Omission of childcare in Draft Budget 2022-25 fails children, parents, the childcare sector and employers
In December 2021, Finance Minister Conor Murphy announced a public consultation on the Draft Budget 2022-25, setting out the Executive’s proposed spending plans for the next three years. However, the subsequent collapse of the Executive means it is no longer possible to deliver the Budget in this mandate.
This is deeply frustrating and we are calling on all parties to come together after the election, whatever the outcome, to form an Executive, appoint Ministers and get on with the business that people will have elected them to do – making progress on the issues that matter to families, to employers and to all of us. This is more important than ever in the midst of a cost of living crisis that looks set to worsen over the coming year, with a significant increase projected in the number of people living in extreme poverty.
Despite the consultation on the Draft Budget having been paused, we have published our response (available here) to inform the work of a new Executive. We would also urge everyone to raise these issues with politicians in the run up to the Assembly election in May.
Failure to allocate funding for childcare sector or new Childcare Strategy
The Draft Budget 2022-25’s failure to make any specific budget allocation to support the development and implementation of a long-overdue Childcare Strategy is of deep concern for a sector that is already under extreme strain.
This is a critical oversight, that will impact negatively on children, parents, childcare providers and employers – as well as hampering the Executive’s ability to deliver on its key priorities including sustainable economic development and tackling inequalities.
It does an immense disservice to a childcare sector that stepped up and delivered during the Covid-19 pandemic, opening their homes and businesses to the children of key workers when everyone else was staying home to stay safe. This is a sector that is facing unprecedented challenges, with the cost of operating a childcare setting having never been higher. It is also deeply concerning for already hard-pressed families, who are struggling with rising costs across the board.
Covid-19 has exacerbated challenges for childcare and increased the strain on a sector that was already struggling. In the absence of Government investment in the sector through a fully costed and resourced Childcare Strategy, and ongoing support for the sector in the interim, the risks are clear:
- A significant increase in fees for parents, or the closure of settings, as childcare providers will be otherwise unable to cover their increased outgoings without operating at a loss.
- Parents unable to access the childcare they need in order to work, impacting negatively on our economic recovery from Covid-19 and on the capacity of our key services.
- An increase in levels of household and child poverty, with a prolonged negative impact on the social and educational development of our children.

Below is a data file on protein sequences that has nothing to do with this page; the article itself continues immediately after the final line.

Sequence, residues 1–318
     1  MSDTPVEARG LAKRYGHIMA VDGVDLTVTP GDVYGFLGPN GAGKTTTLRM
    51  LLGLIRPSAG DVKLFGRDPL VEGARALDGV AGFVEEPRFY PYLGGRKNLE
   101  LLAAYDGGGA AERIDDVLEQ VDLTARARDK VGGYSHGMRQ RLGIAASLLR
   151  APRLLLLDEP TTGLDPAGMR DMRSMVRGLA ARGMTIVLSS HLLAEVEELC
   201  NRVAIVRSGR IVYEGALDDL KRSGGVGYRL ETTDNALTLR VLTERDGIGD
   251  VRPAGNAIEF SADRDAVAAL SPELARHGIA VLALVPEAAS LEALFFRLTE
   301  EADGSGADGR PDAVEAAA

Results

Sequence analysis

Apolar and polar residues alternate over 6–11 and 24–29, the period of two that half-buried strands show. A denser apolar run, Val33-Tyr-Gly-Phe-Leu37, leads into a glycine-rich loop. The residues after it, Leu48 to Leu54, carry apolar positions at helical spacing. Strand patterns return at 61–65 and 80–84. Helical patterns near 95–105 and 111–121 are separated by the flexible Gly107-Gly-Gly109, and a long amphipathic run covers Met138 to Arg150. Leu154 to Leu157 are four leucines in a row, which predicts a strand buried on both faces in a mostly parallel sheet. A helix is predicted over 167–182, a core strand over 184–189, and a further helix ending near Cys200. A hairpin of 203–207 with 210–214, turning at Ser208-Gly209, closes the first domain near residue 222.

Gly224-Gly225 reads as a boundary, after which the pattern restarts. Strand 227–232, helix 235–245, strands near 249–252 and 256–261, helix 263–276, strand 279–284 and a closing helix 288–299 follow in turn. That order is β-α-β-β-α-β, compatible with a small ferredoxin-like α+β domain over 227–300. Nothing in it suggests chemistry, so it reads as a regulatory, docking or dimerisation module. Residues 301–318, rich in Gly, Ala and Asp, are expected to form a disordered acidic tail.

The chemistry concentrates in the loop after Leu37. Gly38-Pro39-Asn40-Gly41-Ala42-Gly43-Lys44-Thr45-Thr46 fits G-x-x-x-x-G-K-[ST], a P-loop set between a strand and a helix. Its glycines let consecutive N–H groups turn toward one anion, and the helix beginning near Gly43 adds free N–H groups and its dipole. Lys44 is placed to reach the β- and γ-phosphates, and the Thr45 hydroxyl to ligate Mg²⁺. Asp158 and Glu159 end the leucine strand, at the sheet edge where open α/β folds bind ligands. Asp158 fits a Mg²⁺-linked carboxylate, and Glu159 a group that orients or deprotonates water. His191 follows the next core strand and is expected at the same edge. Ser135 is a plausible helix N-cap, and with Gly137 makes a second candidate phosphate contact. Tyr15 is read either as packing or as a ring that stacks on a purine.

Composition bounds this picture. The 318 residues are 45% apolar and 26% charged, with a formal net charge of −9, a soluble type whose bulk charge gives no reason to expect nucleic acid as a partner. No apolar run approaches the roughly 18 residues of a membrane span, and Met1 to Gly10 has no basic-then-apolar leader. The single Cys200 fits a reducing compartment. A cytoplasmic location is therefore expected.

A new multi-year Budget, which needs to be a day one priority for a newly established Executive following the election, must recognise the Childcare Strategy as both critically important and urgent, and allocate resources accordingly.
Our response to the Draft Budget 2022-25 consultation, available to download here makes two specific, evidence-based recommendations:
- Allocate substantial multi-year funding for the development and implementation of a Childcare Strategy and
- Continue emergency support for the childcare sector beyond March 2022 as part of the long-term recovery from Covid-19, and to assist in avoiding increased costs for parents, as we await a Childcare Strategy.
We appreciate the significant budgetary pressures that will be faced by the new Executive but channelling funding into an unreformed health system should not be at the expense of investments that will improve economic, health and other societal outcomes across our population for years to come.
Marie Marin, Chief Executive of Employers For Childcare urged a new Executive to address the absence of funding for childcare in the Draft Budget as a day one priority:
“The Covid-19 pandemic has helped shift understanding of how critical childcare is to children, families and the economy as a whole. Parents and childcare providers were promised a new Childcare Strategy under New Decade, New Approach, and we have been campaigning for this for well over a decade. Yet here we are, more than 20 years since the last full Childcare Strategy for Northern Ireland was published, and another generation of children has aged out of childcare without benefiting from an ambitious Childcare Strategy. This is not good enough for them, for their families or for our society as a whole.
A new Executive must commit to funding the work that is underway on a new – and long overdue – Childcare Strategy. Given the guaranteed return on such an investment, and the benefits it will bring in both the short and long term, neither we – nor the families, childcare providers and employers who we work with – believe this is too much to ask.”